David Wagner of Minneapolis-based Sala Architects designs homes that tend to cost about $300 a square foot. But he just did a 1,000-square-foot addition to his own house for $220 a square foot. Mr. Wagner estimates he saved about $4,000 on wood siding because he knew from experience how to cut out the middlemen when purchasing materials. He also knew to get his white-oak flooring a few grades lower than what’s called “clear,” which is what most clients demand, because he understood the flaws were just some “character knots” in the wood. The lower-quality wood comes in longer lengths (12 feet instead of 8 feet), another plus because that accentuates a feeling of space.

Mr. Wagner also bartered his architectural skills to keep prices down: He enlisted the help of a friend to put in radiant-heat flooring in exchange for an offer to design his kitchen renovation—a move that saved about $6,000.

Sleek and Simple: How Architects Design Their Own Homes 

When designing their own homes, many architects opt for less square footage and materials intended to work rather than wow.


For his home, Jeff Stern of Portland, Ore., firm In Situ Architecture focused on creating two box-shaped structures for $190 a square foot. “We worked really hard to get to the essence of what was important to us,” he says, “rather than starting the process wanting it all and having to compromise.”

Key was resisting the temptation to make the house bigger: He kept it to 1,960 square feet. Mr. Stern’s big splurge was on windows, so he found savings in less-expensive materials—concrete floors, fir cabinetry and brightly colored plastic laminate countertops.

Designing their own homes also allows architects to take more risks. When building his vacation home in New York’s Catskills, Thomas Gluck of Gluck + Architecture in New York City used a tinted-glass treatment—typically reserved for commercial projects—on the home’s exteriors. The dark surface reflects the trees and sky, allowing the structure to blend into the landscape. Even though the glass itself is inexpensive, the technique of applying the tint can be costly. But using workers trained by his firm in that material helped lower the costs. In the end, Mr. Gluck spent $250 a square foot to build his three-bedroom, 2½-bath home.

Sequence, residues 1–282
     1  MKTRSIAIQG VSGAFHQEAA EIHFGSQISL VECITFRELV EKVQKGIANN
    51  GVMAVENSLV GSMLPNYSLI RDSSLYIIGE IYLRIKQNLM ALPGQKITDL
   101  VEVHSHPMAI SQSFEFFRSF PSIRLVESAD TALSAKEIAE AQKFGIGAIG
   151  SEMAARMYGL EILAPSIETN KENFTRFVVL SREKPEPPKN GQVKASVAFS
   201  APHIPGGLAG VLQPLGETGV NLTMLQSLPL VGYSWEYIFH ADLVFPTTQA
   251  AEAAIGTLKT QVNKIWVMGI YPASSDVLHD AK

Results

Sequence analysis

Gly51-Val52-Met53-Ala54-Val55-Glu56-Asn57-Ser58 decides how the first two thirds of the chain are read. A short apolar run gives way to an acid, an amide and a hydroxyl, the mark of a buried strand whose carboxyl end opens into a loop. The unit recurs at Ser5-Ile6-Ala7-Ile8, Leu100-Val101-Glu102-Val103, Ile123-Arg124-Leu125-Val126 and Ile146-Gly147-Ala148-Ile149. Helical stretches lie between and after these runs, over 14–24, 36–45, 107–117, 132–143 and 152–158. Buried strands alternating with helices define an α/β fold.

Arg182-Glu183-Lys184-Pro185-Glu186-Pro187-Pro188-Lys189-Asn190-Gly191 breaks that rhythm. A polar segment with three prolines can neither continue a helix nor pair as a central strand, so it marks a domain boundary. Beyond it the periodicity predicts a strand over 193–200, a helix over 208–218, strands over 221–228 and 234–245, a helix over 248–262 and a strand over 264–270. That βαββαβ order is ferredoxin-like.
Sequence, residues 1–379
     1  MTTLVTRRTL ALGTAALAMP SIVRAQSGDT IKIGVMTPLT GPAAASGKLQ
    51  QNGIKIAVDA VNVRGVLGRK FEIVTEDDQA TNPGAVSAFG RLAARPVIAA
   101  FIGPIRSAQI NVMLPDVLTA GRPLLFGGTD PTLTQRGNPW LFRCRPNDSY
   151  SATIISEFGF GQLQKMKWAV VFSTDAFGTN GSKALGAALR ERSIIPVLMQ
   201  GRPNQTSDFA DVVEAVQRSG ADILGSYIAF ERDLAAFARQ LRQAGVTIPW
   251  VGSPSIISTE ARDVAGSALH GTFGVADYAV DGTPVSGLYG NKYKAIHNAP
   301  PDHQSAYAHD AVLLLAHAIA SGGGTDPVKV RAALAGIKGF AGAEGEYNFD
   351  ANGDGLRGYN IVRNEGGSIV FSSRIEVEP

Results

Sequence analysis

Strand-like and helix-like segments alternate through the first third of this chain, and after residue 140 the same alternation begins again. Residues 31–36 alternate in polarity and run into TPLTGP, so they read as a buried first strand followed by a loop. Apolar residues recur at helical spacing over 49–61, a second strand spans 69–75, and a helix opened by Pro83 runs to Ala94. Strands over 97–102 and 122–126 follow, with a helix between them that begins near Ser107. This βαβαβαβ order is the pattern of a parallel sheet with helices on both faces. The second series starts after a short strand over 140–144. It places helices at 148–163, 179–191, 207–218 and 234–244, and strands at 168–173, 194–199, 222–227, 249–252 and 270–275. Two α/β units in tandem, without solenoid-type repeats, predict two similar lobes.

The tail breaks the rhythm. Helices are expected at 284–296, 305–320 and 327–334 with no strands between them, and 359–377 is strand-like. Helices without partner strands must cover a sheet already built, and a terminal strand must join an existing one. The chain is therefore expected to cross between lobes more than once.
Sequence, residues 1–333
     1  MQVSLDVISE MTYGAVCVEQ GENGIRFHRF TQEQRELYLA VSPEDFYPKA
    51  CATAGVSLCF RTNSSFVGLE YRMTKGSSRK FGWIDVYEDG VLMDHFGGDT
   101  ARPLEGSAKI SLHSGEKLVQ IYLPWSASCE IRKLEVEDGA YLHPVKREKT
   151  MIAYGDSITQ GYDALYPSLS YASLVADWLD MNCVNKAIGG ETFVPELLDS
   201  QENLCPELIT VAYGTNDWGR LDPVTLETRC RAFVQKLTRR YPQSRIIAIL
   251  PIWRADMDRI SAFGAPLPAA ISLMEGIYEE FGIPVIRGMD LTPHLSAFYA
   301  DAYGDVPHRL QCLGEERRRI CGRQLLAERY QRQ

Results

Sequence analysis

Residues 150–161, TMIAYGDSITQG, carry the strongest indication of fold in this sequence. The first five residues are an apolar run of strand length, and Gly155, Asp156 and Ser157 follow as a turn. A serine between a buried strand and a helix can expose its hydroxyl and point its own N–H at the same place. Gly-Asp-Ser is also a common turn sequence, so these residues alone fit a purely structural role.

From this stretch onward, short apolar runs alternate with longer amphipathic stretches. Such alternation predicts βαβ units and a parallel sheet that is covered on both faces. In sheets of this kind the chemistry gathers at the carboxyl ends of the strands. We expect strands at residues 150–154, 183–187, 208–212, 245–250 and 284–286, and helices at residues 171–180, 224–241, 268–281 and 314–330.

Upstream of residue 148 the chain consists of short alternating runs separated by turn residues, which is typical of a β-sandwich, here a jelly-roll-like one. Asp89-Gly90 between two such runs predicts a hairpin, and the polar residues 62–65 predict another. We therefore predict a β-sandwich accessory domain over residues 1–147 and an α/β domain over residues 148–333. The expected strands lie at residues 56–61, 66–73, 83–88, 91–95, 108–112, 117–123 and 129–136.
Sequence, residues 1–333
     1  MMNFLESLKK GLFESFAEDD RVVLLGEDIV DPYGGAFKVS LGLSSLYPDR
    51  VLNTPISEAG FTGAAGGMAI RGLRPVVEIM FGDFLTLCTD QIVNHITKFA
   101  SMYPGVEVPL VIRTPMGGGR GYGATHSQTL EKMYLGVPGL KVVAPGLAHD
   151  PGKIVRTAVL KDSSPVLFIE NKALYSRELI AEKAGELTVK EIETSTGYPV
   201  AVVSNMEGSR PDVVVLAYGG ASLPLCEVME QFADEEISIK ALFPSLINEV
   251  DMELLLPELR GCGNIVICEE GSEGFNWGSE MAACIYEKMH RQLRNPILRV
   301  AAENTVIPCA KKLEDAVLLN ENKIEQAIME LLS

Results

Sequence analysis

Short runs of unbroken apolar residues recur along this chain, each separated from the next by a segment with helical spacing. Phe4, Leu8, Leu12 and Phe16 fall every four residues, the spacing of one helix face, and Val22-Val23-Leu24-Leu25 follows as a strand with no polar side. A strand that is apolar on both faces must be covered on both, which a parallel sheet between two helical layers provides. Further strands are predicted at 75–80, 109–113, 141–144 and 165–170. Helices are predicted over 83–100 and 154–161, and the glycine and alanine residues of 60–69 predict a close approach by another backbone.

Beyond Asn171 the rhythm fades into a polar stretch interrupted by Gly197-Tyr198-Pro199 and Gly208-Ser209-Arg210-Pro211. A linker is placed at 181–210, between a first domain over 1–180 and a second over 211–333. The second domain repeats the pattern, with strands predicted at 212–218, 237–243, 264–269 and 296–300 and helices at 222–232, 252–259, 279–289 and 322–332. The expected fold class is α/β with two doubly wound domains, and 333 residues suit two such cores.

“We are willing to believe in design in a way that sometimes clients would not go for—things that would be a hard sell,” Mr. Gluck says.

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High-end New York City architect Steven Harris and his husband, interior designerLucien Rees Roberts took their time when constructing their vacation home on 50 acres in upstate New York. First they spent $150,000 to build a very simple, 500-square-foot house with one big living room and a small bedroom in the basement. Three years ago they finished a second house and connected them with an underground tunnel.

Conservative and modest was their mantra. “We didn’t want something that was the coolest thing this week,” says Mr. Harris. A number of extras—a full kitchen, two separate bedrooms, huge sliding-glass pocket doors and two bathrooms—made the second house more expensive, but to them worth it.

Still, it was their willingness to be flexible about space that made the most difference. “Most people wouldn’t agree to have the dining room and living room in two different buildings,” says Mr. Harris.

Source: Nancy Keates / The Wall Street Journal